SARAJEVO, Jan 12 (Reuters) – Inflammatory rhetoric is leading to a spread in hate incidents in Bosnia, rights and security watchdog the OSCE said on Wednesday, as unresolved rivalries among its three ethnic groups stoke fears of a new conflict.
In the days around the Orthodox Christian Christmas and Sunday's banned national holiday, a spate of security incidents occurred across Bosnia's Serb Republic, with Serb nationalists encouraged by their leader's rhetoric provoking their Muslim neighbours.
Shots were fired near mosques during prayers and nationalist songs glorifying convicted war criminals were sung during street celebrations.
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"The growing use of inflammatory, divisive rhetoric by some officials in Bosnia-Herzegovina, including in recent days in Republika Srpska, is contributing to the proliferation of such incidents," the Organization for Security and Co-operation in Europe mission in Bosnia said in a statement.
"The Mission cautions against any and all acts that carry the potential to incite conflict and lead to the destabilisation of peace and security in Bosnia."
Serb nationalist leader Milorad Dodik, who has been pushing for the secession of the Serb Republic from Bosnia and its integration with Serbia, has been using ethnic slurs against Muslim Bosniaks, degrading them to a religious group without ethnic identity and ascribing them the "colonial mentality".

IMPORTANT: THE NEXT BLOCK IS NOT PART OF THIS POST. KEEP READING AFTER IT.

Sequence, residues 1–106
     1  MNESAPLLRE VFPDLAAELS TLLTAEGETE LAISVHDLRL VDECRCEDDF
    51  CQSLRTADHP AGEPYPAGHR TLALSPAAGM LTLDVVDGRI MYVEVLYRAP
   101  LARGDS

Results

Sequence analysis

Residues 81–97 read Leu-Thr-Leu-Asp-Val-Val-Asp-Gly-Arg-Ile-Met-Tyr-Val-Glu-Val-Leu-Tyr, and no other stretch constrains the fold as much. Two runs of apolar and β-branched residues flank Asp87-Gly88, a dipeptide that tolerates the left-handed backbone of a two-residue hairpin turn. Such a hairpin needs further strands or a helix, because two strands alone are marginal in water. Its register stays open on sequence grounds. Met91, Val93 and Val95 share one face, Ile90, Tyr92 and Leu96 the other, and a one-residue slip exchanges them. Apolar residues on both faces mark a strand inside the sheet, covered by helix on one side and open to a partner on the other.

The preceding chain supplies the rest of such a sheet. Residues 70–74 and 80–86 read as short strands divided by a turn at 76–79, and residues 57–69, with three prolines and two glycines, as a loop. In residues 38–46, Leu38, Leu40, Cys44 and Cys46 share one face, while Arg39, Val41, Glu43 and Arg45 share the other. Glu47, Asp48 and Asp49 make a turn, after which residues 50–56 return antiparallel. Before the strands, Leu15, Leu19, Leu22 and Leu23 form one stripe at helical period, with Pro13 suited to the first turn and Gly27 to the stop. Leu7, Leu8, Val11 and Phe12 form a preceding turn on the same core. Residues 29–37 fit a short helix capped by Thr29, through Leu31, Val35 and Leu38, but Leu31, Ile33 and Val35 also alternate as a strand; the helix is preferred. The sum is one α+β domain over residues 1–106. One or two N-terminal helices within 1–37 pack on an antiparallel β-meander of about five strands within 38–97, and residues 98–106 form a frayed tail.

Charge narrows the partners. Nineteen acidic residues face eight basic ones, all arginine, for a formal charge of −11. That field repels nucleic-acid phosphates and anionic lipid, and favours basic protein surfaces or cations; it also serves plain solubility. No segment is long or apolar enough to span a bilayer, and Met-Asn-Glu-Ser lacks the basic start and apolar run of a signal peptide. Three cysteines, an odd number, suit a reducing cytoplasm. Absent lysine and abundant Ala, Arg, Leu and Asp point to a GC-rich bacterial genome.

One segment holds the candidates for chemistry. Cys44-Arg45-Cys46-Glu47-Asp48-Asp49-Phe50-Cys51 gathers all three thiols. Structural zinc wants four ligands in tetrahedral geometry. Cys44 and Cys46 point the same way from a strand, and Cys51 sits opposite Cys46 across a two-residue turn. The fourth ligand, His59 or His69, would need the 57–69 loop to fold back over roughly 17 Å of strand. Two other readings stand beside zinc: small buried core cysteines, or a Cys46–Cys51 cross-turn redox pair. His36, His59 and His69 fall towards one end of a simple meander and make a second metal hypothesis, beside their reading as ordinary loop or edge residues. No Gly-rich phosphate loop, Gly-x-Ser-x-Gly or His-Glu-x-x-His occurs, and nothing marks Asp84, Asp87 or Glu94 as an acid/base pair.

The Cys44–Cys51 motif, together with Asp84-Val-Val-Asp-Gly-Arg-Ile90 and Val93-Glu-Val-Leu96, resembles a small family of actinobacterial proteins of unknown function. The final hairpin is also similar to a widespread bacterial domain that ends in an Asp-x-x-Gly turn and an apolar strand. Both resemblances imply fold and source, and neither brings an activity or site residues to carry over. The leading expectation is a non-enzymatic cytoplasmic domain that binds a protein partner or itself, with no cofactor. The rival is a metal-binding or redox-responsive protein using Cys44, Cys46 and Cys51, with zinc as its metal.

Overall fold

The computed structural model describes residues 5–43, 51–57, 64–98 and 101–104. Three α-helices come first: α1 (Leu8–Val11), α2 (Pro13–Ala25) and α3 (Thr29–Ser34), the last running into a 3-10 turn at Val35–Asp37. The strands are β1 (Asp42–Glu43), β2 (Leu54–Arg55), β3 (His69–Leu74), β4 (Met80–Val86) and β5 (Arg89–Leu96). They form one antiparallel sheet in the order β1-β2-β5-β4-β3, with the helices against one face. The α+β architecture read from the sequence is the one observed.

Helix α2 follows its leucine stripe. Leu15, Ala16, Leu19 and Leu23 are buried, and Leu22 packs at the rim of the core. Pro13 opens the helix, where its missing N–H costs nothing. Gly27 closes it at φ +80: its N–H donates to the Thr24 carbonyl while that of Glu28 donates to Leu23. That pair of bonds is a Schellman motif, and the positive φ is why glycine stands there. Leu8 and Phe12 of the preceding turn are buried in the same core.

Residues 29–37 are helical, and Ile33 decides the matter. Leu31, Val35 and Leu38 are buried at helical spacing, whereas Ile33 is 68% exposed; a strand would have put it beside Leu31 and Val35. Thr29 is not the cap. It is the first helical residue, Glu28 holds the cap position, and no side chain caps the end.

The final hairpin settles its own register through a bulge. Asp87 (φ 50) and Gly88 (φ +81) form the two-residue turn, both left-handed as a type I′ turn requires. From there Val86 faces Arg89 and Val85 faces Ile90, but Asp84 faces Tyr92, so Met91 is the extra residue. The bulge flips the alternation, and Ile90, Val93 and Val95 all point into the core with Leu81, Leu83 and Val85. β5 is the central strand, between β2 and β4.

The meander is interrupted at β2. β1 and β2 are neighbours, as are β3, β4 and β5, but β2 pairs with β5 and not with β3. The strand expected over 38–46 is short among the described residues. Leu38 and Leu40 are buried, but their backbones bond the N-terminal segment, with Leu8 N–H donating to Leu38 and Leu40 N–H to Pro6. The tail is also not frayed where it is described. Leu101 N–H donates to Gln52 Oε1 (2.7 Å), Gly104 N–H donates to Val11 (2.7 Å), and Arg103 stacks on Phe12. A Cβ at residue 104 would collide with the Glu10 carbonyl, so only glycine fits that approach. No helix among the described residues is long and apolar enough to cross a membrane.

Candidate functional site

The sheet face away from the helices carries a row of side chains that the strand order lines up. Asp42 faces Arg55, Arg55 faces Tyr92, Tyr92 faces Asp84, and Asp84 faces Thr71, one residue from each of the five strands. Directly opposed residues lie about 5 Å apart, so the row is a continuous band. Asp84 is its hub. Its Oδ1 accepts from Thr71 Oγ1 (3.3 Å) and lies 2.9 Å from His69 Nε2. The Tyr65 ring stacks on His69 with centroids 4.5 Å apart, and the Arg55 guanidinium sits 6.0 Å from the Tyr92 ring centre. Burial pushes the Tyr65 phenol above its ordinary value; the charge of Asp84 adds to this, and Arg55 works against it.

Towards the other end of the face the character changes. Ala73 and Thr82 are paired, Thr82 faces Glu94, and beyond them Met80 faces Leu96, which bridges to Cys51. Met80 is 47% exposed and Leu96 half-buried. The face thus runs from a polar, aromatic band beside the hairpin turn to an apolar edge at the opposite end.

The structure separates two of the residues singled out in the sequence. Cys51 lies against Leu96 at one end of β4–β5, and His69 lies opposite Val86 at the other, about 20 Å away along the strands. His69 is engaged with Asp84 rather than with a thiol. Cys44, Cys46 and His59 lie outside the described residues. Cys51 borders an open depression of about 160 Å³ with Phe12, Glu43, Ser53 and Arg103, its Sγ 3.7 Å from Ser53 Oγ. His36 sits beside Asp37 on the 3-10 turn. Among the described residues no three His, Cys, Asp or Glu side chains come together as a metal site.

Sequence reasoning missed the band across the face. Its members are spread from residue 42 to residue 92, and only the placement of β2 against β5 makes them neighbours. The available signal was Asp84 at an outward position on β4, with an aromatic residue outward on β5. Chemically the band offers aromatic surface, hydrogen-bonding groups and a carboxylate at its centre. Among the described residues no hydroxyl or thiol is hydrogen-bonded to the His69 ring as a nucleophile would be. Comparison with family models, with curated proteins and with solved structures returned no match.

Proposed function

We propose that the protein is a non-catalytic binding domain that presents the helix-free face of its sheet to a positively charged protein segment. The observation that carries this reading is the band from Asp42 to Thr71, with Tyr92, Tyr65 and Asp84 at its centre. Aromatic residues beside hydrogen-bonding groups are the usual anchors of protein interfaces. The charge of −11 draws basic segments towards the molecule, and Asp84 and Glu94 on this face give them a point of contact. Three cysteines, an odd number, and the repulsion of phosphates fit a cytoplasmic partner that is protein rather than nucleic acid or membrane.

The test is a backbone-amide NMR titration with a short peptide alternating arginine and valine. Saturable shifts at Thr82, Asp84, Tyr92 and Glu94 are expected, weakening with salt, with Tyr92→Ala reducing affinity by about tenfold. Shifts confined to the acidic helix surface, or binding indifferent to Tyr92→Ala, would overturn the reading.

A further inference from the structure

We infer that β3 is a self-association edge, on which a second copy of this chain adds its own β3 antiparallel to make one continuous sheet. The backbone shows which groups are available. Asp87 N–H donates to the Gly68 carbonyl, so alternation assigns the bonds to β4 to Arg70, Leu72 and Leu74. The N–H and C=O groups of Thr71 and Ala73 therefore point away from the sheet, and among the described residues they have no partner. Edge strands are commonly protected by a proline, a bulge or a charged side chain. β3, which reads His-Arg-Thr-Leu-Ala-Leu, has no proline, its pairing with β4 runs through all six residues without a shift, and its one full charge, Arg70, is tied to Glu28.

Following its devastating war in the 1990s in which 100,000 died, most of them Bosniaks, Bosnia was split into two autonomous regions – the Serb Republic and the Federation dominated by Croats and Muslim Bosniaks, linked by a weak central government.
Now Bosnia is experiencing its gravest political crisis since the end of that war, reviving concerns of a new conflict after Bosnian Serbs last summer blocked the work of the central government and begun a process aimed at unravelling state institutions. read more
On Sunday, the Bosnian Serbs marked their region's national holiday, commemorating the date in 1992 when Bosnian Serbs declared independence, triggering the war, with a parade of armed police forces in defiance of a court ban and U.S. sanctions on Dodik. read more
The United States has urged Bosnia's authorities to investigate reports that war criminals were glorified and non-Serbs targeted during the celebrations. read more
The European Union has also warned the Bosnian Serb leadership it was risking sanctions and a loss of aid should it continue to incite tensions. read more
Register now for FREE unlimited access to Reuters.comRegisterReporting by Daria Sito-Sucic; Editing by Alison Williams